White Room Syndrome

Not too long ago, I shared some basic details about micro worlds with you. Today I want to talk about what happens when you don’t spend enough time developing your micro worlds. White room syndrome is a struggle for me because I have aphantasia, and I can’t visualize anything. The tips I’m sharing today are strategies I use almost every day.

As always, let’s start with a definition. What is white room syndrome?

White room syndrome is a phenomenon that occurs when a writer doesn’t use enough details to describe their setting. The reader is left to imagine the characters talking in an empty white room.

Obviously that’s not ideal. Here are some things you can do to get around it.

First, think about what’s happening in the scene

You don’t need to describe every last detail of a room, but you should highlight things that set the scene. What stands out to your characters? What are they thinking and doing? Find a way to tie the scenery into what’s happening in your story. Or set up a juxtaposition and make the setting details contrast what’s happening in the outside world.

Pick a few focal points

Rather than try to describe an entire room from floor to ceiling, I try to pick a few smaller details that will stand out in some way. Think about things like sleek lounge chairs, photos on the walls, trinkets displayed on an elegant etagere, dirty socks on the carpet. What other little things might attract a character’s attention? Also, remember characters experience a setting with all of their senses, not just with their eyes.

I don’t have a hard and fast rule of thumb for sensory description, but I always try to think about things like how the character’s shoes might sound on the floor or what other noises they might hear, what the room smells like, or things a character might touch and how those things would feel.

Describe it from different angles

You may or may not need to do this, depending on what kind of book you’re writing. If you’re going to reuse a setting, try describing it from a different angle every time your characters are in it.

A character’s bedroom is an easy example. In one scene, they might be in bed, so you describe what they see from there. Next time, maybe they’re at their desk; their focal points from their desk will be a little different than it was from their bed. Another time, maybe they’re getting dressed. They might be standing in front of their closet or a mirror. Also, consider how a setting might change over time. Maybe your character tends to drop things on the floor, or they move their furniture around. Maybe the house catches fire, although that’s a little extreme, and they’re left picking up the pieces after the room is destroyed.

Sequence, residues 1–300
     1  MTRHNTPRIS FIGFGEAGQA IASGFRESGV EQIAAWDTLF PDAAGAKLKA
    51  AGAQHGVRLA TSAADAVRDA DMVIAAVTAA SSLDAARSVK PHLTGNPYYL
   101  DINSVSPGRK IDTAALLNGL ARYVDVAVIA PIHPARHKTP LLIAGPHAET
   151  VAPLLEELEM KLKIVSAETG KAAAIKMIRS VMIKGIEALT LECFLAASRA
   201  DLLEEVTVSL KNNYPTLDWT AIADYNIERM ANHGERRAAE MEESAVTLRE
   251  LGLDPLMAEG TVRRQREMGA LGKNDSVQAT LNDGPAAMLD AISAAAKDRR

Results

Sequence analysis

At any rate, reexamining your settings from multiple angles is more work for you, but it helps keep your story fresh for readers.

Use photos for reference

If you’re really having a hard time visualizing how a room should look, it’s okay to find reference material. Pinterest is an option. You can also check out home decor blogs, magazines, furniture catalogs, and even television shows or movies. Combine elements from different sources if you need to. Whatever works.

Let’s add a little color to those white rooms

I hope I’ve given you some good ideas to combat white room syndrome in your stories. If you have any tips, feel free to leave a comment below! Also, don’t forget about those social media buttons! If you liked this post, please share it with your writer friends. Thanks!

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  1. I’ve never heard of this syndrome before, but from your description I can imagine it’s a hole you don’t want to go down!

    Katie | katieemmabeauty.com

    1. It’s an annoying condition, that’s for sure, but practice is a good cure. Well…Practice won’t fix the aphantasia, but I can work on making my writing more descriptive.

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